All Articles Tagged "pay gap"
How much more do male doctors make than female ones?
Researchers say the gap is 12-thousand dollars per year and that’s adds up to more than $350,000 over a typical-30 year career!
Women physician-scientists are paid much less than their male counterparts, researchers found, with a salary difference that over the course of a career could pay for a college education, a spacious house, or a retirement nest egg.
To get the fairest comparison, the study authors took into account work hours, academic titles, medical specialties, age and other factors that influence salaries. They included only doctors who were involved in research at U.S. medical schools and teaching hospitals, all at the same stage in their careers. And they still found men’s average yearly salaries were at least $12,000 higher than women’s.
While previous studies have found that female doctors are frequently paid less than male doctors, many observers have assumed that’s often related to having children – working fewer hours, or choosing less time-consuming, lower-paying specialties to allow time for child-rearing.
The new study did find more women in less lucrative specialties, including pediatrics and family medicine, and more men in the highest-paying fields, including heart surgery and radiology. But it still found salary inequities even among women and men without parental responsibilities, in similar jobs.
A common reason given in situations like these (including this one) is that men tend to be more aggressive at self-promoting and asking for pay raises than women. That may be true, but when will we stop using that as an excuse to pay women less than what they’re worth? Especially when we know and it has been documented that women make less. Shouldn’t these companies begin to look at their hiring practices and how they determine salaries and raises instead of always leaning on the “women aren’t aggressive” argument?
I’m not buying it. I think women across the board (not just doctors, but in other professions as well) are paid less because companies know they can get away with it. The companies forbid employees to talk about their salary, and, as a result many women don’t even realize they are making less than they deserve. Then when it takes a national study to point it out, everyone goes back to the “women don’t ask for raises” excuse.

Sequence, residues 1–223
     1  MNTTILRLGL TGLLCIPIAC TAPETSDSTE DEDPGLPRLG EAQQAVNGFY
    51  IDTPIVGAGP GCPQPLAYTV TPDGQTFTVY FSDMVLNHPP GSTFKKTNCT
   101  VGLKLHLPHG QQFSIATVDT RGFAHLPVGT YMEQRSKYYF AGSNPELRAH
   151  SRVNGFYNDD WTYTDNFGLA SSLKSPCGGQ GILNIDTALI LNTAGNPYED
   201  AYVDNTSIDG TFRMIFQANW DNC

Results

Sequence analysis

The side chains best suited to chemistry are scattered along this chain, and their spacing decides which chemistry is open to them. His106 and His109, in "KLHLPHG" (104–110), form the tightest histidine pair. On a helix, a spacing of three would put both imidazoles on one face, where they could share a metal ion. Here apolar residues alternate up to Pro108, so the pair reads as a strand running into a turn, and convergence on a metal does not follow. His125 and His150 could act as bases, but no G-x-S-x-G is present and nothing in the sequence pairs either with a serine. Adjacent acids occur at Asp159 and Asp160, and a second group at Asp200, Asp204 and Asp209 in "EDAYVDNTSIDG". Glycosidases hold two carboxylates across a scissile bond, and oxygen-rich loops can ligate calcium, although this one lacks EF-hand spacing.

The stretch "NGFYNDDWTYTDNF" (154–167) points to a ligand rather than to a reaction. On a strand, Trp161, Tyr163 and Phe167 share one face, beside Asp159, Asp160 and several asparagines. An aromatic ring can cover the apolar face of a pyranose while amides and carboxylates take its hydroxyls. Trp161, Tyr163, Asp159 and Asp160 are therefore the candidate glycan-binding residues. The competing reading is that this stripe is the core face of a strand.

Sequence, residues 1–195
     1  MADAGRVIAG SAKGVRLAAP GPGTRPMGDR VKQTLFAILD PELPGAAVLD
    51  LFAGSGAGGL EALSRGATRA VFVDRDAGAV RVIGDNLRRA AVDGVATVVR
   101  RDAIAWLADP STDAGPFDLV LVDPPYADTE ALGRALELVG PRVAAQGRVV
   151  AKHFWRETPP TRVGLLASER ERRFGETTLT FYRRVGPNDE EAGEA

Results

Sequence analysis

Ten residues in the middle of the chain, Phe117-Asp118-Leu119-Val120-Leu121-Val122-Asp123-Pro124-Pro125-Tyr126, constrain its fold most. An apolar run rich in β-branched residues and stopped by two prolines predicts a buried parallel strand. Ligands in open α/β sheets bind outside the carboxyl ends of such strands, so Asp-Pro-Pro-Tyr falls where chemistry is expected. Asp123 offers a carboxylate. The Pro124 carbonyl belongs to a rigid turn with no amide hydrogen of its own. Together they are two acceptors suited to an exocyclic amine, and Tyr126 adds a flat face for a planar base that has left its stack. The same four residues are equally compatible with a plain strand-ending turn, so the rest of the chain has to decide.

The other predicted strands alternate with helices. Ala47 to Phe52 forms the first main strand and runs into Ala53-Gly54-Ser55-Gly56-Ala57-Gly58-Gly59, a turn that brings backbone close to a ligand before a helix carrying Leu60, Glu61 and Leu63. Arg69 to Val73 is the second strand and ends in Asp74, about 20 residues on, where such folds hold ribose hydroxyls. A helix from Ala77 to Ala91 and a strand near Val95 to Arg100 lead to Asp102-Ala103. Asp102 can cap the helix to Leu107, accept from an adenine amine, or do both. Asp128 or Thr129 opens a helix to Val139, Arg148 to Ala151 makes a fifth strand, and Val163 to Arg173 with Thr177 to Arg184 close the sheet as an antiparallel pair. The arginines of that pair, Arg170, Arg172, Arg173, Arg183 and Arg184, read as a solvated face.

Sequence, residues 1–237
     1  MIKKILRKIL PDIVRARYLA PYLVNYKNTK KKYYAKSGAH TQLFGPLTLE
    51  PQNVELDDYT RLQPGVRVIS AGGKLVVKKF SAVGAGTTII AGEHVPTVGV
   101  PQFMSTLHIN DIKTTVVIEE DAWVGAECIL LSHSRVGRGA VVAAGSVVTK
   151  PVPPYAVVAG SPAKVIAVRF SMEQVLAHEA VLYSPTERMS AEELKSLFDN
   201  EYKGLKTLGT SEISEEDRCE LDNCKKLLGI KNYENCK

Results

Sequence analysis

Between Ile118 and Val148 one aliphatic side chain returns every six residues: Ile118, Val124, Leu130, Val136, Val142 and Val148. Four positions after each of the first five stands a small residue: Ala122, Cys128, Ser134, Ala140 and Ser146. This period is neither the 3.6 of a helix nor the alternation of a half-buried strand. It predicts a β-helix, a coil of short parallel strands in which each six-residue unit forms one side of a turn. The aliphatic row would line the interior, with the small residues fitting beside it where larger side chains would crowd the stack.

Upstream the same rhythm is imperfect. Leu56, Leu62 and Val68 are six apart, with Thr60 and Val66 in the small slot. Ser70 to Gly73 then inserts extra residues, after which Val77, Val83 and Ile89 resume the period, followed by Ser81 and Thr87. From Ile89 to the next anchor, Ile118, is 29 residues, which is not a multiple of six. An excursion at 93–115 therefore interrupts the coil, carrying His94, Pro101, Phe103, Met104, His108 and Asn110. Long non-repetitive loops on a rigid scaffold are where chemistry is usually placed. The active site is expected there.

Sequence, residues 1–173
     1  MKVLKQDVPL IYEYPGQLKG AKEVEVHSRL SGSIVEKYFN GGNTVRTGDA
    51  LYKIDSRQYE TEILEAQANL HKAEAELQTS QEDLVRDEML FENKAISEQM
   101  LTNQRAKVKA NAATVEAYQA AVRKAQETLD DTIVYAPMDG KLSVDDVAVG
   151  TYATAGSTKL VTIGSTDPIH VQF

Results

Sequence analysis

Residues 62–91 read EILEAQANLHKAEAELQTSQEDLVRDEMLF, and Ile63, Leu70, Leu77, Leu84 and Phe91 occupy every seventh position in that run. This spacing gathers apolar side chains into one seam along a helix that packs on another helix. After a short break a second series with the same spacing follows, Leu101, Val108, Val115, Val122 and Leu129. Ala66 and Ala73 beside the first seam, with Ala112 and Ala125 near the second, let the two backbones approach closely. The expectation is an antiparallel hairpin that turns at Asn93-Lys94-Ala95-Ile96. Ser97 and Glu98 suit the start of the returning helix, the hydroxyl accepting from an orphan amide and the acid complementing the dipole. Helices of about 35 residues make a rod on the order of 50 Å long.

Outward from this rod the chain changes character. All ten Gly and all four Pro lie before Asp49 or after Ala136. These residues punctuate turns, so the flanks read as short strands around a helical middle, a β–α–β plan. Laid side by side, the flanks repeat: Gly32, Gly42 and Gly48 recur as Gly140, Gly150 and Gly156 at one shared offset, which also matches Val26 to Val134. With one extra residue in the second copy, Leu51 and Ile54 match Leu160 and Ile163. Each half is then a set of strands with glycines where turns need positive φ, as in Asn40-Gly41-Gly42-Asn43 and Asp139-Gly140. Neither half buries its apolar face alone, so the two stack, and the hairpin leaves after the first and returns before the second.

Of course, these doctors salaries are nothing to sneeze at considering this report says the women are pulling in an average of $168,000 a year. That’s not exactly poverty, however that’s still not enough when the men are making on average $200,400 per year. I’m not a conspiracy theorist, but how many more of these studies have to be released before someone starts looking into these companies and hospitals and determining whether the blame for the disparity really falls on the women employees or if the human resources department hasn’t clearly determined that women just aren’t worth the money?
When we talk about the cost of obesity, it’s usually related to the burden weight-related issues can have on the healthcare system but obesity may be hitting overweight men and women’s wallets in another way—lower pay, according to U.S. News and World Report.
Unsurprisingly, overweight women are hit the hardest. According to the National Longitudinal Survey of Youth, in 2004, average annual incomes for obese women were $8,666 less than workers with a normal weight. For overweight men, the salary was $4,772 less. In 2008, the researchers found that obese women made an average of $5,826 (15%) less than normal-weight females.
What’s odd is that this pay gap only seems to effect obese individuals who are Hispanic or white. In both 2004 and 2008, black men who were obese earned more than normal-weight black men, and wages were similar for obese and normal-weight black women.
Perhaps this is part of the reason why overweight black women have a higher quality of life than white women, or it may prove that black women’s weight doesn’t mentally and emotionally hinder them from being able to perform on the job and earn the appropriate salary.
What do you think accounts for the fact that overweight black women don’t earn less? What about the fact that overweight black men earn more than normal-weight black men?
Brande Victorian is a blogger and culture writer in New York City. Follower her on Twitter at @be_vic.